In addition, Cannes Lions has created a group, the Cannes Chimera, made up of one creative representing the agency who produced each of the 2012 Cannes Grand Prix winning pieces of work, who will advise the program, review submissions, and mentor the winners as they develop their projects.

About Grand Challenges Explorations

Grand Challenges Explorations (GCE) supports hundreds of early-stage projects – including many ideas that have never before been tested – and experts from a wide range of disciplines and regions. The Explorations initiative funds innovative ideas that could lead to new vaccines, diagnostics, drugs, and other tools and technologies targeting our greatest challenges in health and development

GCE is an extension of the Bill & Melinda Gates Foundation’s commitment to the Grand Challenges in Global Health, which was launched in 2003 to accelerate the discovery of new technologies to improve global health. To date, the Foundation has committed over $500 million to support hundreds of projects on topics such as making childhood vaccines easier to use in poor countries, and creating new ways to control insects that spread disease.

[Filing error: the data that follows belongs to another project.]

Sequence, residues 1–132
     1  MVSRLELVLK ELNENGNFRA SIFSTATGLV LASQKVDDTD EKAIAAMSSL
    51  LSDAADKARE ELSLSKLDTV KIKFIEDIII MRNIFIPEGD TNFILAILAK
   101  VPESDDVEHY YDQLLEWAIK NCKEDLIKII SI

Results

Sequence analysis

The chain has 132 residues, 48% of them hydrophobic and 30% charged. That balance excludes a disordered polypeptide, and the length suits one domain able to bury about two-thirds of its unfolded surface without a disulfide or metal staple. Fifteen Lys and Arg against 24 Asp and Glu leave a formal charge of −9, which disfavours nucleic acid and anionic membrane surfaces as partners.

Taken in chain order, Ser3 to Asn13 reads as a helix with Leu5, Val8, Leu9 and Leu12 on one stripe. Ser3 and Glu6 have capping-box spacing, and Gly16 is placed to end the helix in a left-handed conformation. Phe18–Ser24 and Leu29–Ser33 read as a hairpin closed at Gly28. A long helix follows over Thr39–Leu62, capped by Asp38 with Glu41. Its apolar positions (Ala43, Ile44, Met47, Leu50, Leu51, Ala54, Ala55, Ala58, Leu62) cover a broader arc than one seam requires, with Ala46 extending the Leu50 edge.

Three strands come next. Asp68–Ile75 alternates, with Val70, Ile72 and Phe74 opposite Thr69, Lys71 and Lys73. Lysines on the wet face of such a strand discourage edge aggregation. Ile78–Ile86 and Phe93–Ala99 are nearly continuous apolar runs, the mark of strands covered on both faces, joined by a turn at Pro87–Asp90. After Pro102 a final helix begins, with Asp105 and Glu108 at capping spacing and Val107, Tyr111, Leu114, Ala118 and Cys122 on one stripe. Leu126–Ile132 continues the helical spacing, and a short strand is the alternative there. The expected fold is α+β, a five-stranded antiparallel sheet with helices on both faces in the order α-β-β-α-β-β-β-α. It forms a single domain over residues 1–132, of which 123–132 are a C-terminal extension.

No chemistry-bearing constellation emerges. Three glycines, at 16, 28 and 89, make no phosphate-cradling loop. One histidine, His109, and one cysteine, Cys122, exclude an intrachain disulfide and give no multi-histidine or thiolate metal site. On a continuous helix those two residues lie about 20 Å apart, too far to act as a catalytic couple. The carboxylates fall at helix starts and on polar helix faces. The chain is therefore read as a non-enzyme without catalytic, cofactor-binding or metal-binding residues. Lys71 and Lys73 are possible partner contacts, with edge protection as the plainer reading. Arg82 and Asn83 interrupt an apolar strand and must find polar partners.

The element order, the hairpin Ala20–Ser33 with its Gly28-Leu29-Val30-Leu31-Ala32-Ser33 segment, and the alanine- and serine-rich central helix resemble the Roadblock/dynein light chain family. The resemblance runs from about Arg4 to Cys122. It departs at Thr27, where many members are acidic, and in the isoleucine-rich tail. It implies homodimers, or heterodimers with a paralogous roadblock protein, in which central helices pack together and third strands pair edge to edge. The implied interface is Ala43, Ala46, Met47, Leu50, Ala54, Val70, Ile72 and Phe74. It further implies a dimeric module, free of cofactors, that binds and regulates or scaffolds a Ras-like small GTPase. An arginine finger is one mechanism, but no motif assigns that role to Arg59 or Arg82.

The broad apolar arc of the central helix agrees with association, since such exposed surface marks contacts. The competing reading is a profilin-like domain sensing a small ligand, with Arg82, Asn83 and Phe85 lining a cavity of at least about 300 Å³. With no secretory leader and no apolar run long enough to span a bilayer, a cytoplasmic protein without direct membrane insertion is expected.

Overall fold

Key features of the Grand Challenges Explorations initiative are: 

  • A short application. Two-page applications are accepted online at https://gce.gatesfoundation.org/_layouts/GCE/Pages/login.aspx;
  • Rapid turnaround time. We will select grants in approximately 5 months from the proposal submission deadline;
  • We review for novel ideas that show great promise. Our review process is based on reviewers with a track record in identifying innovative ideas selecting the proposals they find most pioneering - no consensus or peer review is needed;
  • Phase I grants of $100,000 USD are awarded initially; projects have one opportunity to apply for a follow-on Phase II grant of up to $1,000,000 USD.